Plan Sponsors Must Now Analyze 401(k) Plan Administration (Part 2)
Yesterday we began to explore some of the changes that the Bipartisan Budget Act of 2018 has made to the Tax Cuts and Jobs Act, and what it all means. Today we will continue to explore the topic, including the definition of compensation and hardship distributions.
It is always a good idea to periodically perform an internal self-audit of a 401(k) plan’s definition of compensation, to verify that the definition matches the administration in the plan sponsor’s payroll and reporting system and, consequently, the correct deferral and matching contributions are being made.
Compensation definitions specify remuneration elements that are either included or excluded when making contribution calculations. Improper treatment of various elements is a common operational error of 401(k) plan administration, and a common focus of both the IRS’s and U.S. Department of Labor’s (DOL) audit programs. If the plan documents and payroll system do not match, it can be a time-consuming and expensive error to correct. But in the wake of major tax reform legislation, a compensation self-audit can be vital to avoiding costly administrative errors and corrections.
The TCJA made several changes to the tax code that eliminated the ability for employers to deduct and employees to exclude from income certain fringe benefits received by the employee. For example, before 2018, the Code allowed an above-the-line deduction (meaning the amount is excluded from adjusted gross income rather than being an itemized deduction) for employees who incurred moving expenses.
The pre-2018 Code also allowed employers to reimburse employee-incurred moving expenses without including those amounts in the employee’s income. Beginning with the 2018 tax year through 2025, the deduction and exclusion for moving expenses is suspended under new Code Sections 132(g)(2) and 217(k).
Some 401(k) plans’ definitions of compensation distinguish between fringe benefits that are includable in or excludable from gross income, and will either be included or excluded from the plan’s definition of compensation depending on which tax category the fringe amount falls into. As a result, plan administrators will need to review their plan’s definition of compensation and may need to change the payroll system to reflect whether the moving expense element of remuneration is included or excluded for 401(k) plan purposes if it is no longer excludable from taxable income. Through this process, it is a good idea to check the other elements of remuneration identified in the compensation definition as well, and verify they are all properly coded in the employer’s payroll system.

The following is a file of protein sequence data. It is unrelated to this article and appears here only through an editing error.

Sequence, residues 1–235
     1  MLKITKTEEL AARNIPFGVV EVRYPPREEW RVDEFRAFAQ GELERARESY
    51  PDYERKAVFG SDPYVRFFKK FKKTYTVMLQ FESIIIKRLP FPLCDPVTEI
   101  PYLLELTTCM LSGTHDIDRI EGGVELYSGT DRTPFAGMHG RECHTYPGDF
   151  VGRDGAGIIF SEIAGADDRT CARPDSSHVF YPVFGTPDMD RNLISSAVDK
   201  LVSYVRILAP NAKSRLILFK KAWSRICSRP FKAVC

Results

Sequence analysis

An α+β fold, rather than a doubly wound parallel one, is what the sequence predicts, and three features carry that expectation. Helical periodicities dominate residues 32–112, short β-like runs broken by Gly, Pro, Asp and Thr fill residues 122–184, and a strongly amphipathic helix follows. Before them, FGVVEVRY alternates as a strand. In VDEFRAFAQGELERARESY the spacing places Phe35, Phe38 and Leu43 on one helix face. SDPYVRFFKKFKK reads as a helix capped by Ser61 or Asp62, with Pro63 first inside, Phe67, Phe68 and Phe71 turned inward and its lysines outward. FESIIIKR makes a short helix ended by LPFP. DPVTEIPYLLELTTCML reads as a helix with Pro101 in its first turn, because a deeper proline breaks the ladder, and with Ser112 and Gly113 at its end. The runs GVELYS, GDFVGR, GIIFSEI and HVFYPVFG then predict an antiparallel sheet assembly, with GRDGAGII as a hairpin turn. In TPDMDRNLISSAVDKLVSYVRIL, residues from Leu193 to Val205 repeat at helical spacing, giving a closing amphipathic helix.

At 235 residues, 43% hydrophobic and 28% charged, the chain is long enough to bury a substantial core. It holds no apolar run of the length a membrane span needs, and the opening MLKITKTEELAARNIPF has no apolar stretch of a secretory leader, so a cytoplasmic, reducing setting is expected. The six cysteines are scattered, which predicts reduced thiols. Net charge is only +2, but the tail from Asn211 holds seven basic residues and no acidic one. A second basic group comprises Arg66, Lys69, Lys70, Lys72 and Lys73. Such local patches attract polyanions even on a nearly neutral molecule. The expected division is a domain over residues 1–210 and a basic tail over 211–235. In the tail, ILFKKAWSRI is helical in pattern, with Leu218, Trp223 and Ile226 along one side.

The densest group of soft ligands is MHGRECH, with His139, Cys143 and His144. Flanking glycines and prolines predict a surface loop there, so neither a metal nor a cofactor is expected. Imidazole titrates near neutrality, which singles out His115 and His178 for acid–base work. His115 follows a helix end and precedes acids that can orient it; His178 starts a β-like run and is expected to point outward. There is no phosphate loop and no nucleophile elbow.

The Code allows 401(k) plans to make hardship distributions to participants who experience an immediate and heavy financial need. In the 401(k) regulations, the IRS has identified six circumstances, known as “safe harbor” hardships, that are deemed to meet the requirements of being an immediate and heavy financial need. Plan sponsors may allow hardship distributions for any of these six reasons without conducting an independent evaluation of whether such a need exists.
Plans also may allow hardship distributions for other reasons (if the plan document so provides), but the plan administrator must make an independent assessment that the reasons the participant cites are actually necessary to meet an immediate and heavy financial need. Some plan sponsors have decided not to undertake this analysis and limit hardship distributions exclusively to the six safe harbors.
In light of TCJA, however, plan sponsors that have limited their hardship distributions to the safe harbors now must change their hardship distribution processes for casualty-related home repair expenses, due to an indirect change in the Code.